The Role of Glucocorticoids in Acute Inflammation
Purpose of the Project
The role of the skin is to maintain a barrier that protects us from exposure to mechanical (scratch), chemical (soaps) and biological injuries (UV/sunlight exposure). As the first line of defense, the skin also mobilizes other cells via pro-inflammatory signals. Given the need for a quick and frequent pro-inflammatory response in the epidermis, there must be a system to regulate the process precisely. Recently we discovered that the epidermis synthesizes cortisol (an active form of glucocorticoids) in response to pro-inflammatory signals released upon injury to the barrier. The goal of our proposed research is to understand the mechanisms by which glucocorticoids are synthesized in the epidermis, react to acute inflammation and are regulated in various dermatologic disorders.
Why is supporting this research worthwhile?
- Use of steroids has significant side effects that may exacerbate co-existing illnesses.
- Understanding the mechanisms by which the skin response to inflammation triggers corticosteroid synthesis may lead to new and improved treatments for acute and chronic inflammatory skin disorders.
- Understanding the inflammatory response to skin injury may change the paradigm for treating patients with chronic non-healing wounds and infections.
- Development of a new and improved steroid –based therapy with less side effects would dramatically enhance the care of patients with inflammatory skin diseases
Marjana Tomic-Canic PhD
Olivera Stojadinovic. MD
Marjana Tomic-Canic, PhD
Marjana Tomic-Canic, PhD is a Professor of Dermatology and the Director of the Wound Healing and Regenerative Medicine Research Program at the Department of Dermatology and Cutaneous Surgery, University of Miami Miller School of Medicine. Dr Tomic-Canic received her PhD in Molecular Biology and Physiology from joint program of NYU School of Medicine, Department of Dermatology and Belgrade University, Department of Biomedicine. She completed her post-doctoral training at the Department of Pharmacology at NYU School of Medicine and joined the faculty of Departments of Dermatology and Microbiology at NYU School of Medicine in 1994.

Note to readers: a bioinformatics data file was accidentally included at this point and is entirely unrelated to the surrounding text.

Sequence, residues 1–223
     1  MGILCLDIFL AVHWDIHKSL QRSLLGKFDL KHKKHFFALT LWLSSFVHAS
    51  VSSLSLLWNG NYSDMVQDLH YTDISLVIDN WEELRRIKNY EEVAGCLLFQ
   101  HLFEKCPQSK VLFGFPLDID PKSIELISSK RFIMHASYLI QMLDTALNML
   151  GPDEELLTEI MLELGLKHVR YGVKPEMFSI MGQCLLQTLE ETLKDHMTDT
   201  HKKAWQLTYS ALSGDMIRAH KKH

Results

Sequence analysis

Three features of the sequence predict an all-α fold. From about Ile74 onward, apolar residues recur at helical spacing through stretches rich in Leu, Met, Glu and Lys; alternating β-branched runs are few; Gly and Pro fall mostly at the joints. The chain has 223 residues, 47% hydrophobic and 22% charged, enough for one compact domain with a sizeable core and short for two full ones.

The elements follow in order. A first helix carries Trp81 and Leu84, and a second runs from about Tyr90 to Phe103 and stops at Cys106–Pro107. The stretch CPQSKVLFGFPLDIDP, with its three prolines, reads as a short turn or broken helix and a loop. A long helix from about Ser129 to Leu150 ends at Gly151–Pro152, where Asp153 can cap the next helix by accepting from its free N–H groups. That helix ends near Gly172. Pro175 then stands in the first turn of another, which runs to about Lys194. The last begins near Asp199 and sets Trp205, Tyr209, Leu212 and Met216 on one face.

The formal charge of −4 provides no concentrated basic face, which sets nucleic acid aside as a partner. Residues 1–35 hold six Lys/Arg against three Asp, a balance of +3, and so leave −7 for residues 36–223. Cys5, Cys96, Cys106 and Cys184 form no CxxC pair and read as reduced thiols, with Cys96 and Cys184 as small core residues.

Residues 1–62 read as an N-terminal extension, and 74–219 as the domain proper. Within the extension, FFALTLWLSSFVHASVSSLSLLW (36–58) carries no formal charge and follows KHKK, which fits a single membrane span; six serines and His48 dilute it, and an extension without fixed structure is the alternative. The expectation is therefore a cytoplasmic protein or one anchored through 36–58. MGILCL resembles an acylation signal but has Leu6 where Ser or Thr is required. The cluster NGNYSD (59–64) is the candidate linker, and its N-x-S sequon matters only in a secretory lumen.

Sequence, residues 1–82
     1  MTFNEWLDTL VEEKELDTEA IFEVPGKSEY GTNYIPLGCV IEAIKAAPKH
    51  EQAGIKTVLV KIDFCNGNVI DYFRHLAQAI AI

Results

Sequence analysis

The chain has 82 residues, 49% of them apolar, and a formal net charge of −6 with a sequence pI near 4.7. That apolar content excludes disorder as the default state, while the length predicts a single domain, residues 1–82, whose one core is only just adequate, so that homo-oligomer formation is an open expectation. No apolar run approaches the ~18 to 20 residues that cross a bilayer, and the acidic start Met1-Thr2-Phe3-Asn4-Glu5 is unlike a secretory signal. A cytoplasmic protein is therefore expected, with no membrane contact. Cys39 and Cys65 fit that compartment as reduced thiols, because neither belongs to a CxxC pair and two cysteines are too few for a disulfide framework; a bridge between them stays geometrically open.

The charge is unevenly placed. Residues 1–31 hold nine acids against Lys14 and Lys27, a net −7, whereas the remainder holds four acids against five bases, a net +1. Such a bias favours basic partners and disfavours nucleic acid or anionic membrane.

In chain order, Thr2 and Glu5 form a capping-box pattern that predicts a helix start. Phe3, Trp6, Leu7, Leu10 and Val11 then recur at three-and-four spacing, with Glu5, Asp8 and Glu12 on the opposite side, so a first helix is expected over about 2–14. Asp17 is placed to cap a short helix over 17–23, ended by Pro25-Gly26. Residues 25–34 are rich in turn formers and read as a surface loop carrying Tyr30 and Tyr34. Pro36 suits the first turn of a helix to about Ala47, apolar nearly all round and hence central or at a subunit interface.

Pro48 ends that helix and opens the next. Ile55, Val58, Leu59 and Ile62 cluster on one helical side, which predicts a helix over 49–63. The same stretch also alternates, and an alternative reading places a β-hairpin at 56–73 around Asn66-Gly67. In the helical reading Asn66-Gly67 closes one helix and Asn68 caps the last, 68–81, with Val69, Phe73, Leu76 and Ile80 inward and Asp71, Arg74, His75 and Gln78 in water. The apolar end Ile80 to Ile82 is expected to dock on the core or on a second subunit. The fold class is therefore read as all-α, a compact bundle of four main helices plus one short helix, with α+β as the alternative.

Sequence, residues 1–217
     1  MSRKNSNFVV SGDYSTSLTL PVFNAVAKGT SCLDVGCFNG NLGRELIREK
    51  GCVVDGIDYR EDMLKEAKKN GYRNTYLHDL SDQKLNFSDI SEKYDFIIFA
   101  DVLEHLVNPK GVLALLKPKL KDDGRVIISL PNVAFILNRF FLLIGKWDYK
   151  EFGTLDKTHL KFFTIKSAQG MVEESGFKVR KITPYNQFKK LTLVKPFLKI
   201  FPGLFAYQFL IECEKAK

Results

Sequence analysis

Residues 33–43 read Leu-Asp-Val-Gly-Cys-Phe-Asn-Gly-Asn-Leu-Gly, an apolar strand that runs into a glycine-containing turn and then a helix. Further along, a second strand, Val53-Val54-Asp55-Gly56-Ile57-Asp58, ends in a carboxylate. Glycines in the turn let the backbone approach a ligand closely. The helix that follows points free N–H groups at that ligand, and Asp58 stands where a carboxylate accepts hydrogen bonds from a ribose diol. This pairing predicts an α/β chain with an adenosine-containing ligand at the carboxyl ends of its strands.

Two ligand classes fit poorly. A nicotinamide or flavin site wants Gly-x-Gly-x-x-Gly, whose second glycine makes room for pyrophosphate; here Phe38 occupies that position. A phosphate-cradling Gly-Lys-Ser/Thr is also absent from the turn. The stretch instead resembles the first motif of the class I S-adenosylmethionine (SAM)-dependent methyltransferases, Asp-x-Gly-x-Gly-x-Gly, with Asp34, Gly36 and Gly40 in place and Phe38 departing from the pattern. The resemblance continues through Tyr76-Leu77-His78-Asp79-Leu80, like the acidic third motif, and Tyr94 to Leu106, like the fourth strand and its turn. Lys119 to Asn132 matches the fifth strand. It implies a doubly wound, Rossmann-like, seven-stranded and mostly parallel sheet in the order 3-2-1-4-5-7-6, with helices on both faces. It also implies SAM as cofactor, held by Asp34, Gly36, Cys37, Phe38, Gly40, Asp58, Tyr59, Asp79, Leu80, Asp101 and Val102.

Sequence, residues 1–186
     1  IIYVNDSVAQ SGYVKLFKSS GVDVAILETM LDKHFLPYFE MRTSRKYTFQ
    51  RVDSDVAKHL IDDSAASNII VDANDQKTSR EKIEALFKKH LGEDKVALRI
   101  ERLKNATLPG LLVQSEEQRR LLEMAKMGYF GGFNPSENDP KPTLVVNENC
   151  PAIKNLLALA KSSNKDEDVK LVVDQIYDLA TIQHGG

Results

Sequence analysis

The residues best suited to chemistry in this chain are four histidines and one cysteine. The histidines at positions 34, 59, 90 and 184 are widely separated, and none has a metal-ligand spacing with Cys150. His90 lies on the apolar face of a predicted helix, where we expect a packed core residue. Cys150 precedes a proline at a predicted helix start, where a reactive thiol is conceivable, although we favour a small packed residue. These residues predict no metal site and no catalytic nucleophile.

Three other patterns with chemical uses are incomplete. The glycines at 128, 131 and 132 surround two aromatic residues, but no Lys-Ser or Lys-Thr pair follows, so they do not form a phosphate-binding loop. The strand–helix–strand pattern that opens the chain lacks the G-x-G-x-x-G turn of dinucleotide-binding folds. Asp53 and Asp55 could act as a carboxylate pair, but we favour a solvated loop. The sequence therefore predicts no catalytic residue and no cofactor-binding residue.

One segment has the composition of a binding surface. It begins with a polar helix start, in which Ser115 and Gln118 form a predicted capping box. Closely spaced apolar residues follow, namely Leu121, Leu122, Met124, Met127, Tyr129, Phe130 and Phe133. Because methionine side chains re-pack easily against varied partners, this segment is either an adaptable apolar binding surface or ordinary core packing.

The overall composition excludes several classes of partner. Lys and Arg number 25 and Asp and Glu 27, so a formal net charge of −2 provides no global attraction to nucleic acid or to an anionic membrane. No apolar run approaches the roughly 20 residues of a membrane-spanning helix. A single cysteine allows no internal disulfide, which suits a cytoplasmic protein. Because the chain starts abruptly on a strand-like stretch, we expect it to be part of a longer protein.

Olivera Stojadinovic MD
Dr. Stojadinovic received her M.D. degree from the University of Belgrade School of Medicine, Serbia, Yugoslavia in 1998. She joined Dr Tomic- Canic laboratory at the New York University, as Postdoctoral Fellow in 2002. She continued her postdoctoral fellowship at the Hospital for Special Surgery, Tissue Engineering, Repair and Regeneration Program, New York, where she was promoted to the Instructor scientist. In 2009 she joined Department of Dermatology and Cutaneous Surgery at UM Miller School of Medicine as Research Assistant Professor.
Past Research Accomplishments
Over past 21 years, Dr Tomic-Canic’s primary research interest is in skin biology. Drs Tomic-Canic and Stojadinovic have been working together for the last decade. Their current research is focused on identification of molecular pathogenesis of chronic wounds, i.e. understanding wound healing and its inhibition at the molecular, genomic and cellular levels. Their recent discoveries include identification of cortisol synthesis in epidermis focusing their research interests on molecular mechanisms that control inflammatory response in skin biology and its diseases, as well as understanding how control of cortisol and lipid metabolism may modulate skin inflammation and response to injury, in various skin disorders and hair biology.